Make Your Judaism Sing

Principle 5 for Being an Inspiring Parent

The fifth video discusses the role that music has in instilling a love of Judaism in your children.

How to be an inspiring Jewish parent, Rule Five. Rule Five I came across when I was sitting one day with the then-Chief Rabbi of Israel, Rabbi Avraham Shapira, and he told me a fascinating story about two Gedolai Hador, two great Torah Sages of the 19th century, one of whose children stayed firm and within the faith and became great Rabbis themselves, the other of whom, sadly, his children became disillusioned and left the fold.

And he said to me, the difference had to do with se’udah shlishit. The two Gedolim conducted se’udah shlishit completely differently. One of them gave a brilliant and very complex Dvar Torah; the other one sang zemirot and niggunim. He said, "Guess which one's children stayed within the faith?" It's not a tough one. The one that sang the music kept their children with it, he kept his children within the faith.

Never think that religion, that Judaism, is just cognitive. It's affective; it's not just a matter of the mind, it's a matter of the emotions, and music is the language of the emotions. And whatever happened to the music? For Heaven's sake, when the Israelites crossed through the Red Sea, Az yashir Moshe u’venai Yisrael, they sang a song. (Exodus 15:1) They didn't give speeches, they didn't sit and learn a Massechet, they sang a song. David HaMelech was the great singer of Israel and wrote the most immortal songs. Yes, he wrote the original "Hallelujah," that dear Leonard Cohen wrote about, “the secret chord that pleased the Lord.” Shlomo HaMelech wrote Shir HaShirim, the Song of Songs. For Heaven's sake, let Judaism sing.

Think of this moment, almost the last moment of Moses' life. Here he is 119, 11 months and many days. He's within sight of the end of his life, and he has given 612 commands to Israel. You and I would probably, at the age of 119, after we've given 612 commands, call it a day; that's a pretty good career average. But Moshe Rabbeinu said no, there's one more command I have to give the Israelites. What was that command, the last of the 630? Ve’atah kitvu lachem et-haShirah hazot. (Deuteronomy 31:19) The mitzvah that each of us must write a Sefer Torah, or at least take part in the writing of a Sefer Torah. Af al pi, said the Rambam, shehinichu la’avot avotav Sefer Torah - Even though your parents have left, or your family has an heirloom, you've inherited one from your parents, it's not enough; you have to write one for yourself or take part in the writing of one. Just even one letter is enough for yourself.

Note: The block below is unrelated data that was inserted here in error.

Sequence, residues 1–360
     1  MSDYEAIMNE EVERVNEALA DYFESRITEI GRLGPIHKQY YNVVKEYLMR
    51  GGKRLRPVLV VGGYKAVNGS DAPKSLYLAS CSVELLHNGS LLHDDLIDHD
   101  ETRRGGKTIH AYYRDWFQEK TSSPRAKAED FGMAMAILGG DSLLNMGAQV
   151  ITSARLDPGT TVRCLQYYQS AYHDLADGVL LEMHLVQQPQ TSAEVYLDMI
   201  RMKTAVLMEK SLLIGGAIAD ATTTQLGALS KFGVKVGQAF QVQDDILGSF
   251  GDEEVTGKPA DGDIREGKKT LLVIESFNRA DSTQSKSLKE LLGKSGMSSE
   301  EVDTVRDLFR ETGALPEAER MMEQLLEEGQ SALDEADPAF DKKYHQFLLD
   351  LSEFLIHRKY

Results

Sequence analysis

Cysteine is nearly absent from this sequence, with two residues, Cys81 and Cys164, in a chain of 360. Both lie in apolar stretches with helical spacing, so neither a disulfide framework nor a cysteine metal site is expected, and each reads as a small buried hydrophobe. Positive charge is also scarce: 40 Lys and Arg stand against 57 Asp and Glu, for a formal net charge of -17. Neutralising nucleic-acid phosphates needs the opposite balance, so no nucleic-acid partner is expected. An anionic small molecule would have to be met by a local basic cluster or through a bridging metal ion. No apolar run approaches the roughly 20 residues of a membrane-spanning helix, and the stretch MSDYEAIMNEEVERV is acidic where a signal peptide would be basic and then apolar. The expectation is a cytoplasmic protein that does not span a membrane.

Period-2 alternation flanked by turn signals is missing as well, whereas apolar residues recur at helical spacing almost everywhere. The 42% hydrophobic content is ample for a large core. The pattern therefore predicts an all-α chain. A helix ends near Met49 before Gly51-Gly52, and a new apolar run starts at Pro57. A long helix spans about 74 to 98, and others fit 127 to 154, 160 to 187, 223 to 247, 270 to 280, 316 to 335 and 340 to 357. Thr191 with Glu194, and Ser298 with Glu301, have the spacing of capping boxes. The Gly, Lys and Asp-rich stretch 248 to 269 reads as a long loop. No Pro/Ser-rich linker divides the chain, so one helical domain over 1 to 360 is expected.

What was Moshe Rabbeinu thinking? I'll tell you what I think he was thinking; he was thinking, "I'm about to leave this generation behind, and I want them to know one thing: Kinderlach, don't think it's enough that your parents or you receive the Torah from Moshe Rabbeinu. You have to take the Torah and make it new in every generation." And what did he call the Torah at that moment? He did not say Ve’atah kitvu lachem et-haTorah hazot He said Ve’atah kitvu lachem et-haShirah hazot - "Write this Song," not, "write this Book." What he meant was, if you want to hand on the Torah to your children so they will write a Sefer Torah and make it new for their generation, teach it as a song, not just a speech.

Speech of is the language of the mind; song is the language of the soul. And if we want to let Judaism live on in our children and across the generations, we have not just to say the words, we have to sing the song. We have not just to think the thoughts, we have to let Judaism sing. So make sure that yours is a home full of music, full of warmth, full of emotion, and that is Rule Five. Sing your Judaism, and it will sing for your children.

This video series, Inspired Parenting, consists of thirteen short videos of Rabbi Sacks discussing some of the ways we can be inspiring parents and really kindle the flame of Torah in our children.

We hope you will learn, as Rabbi Sacks did, from exploring these ideas.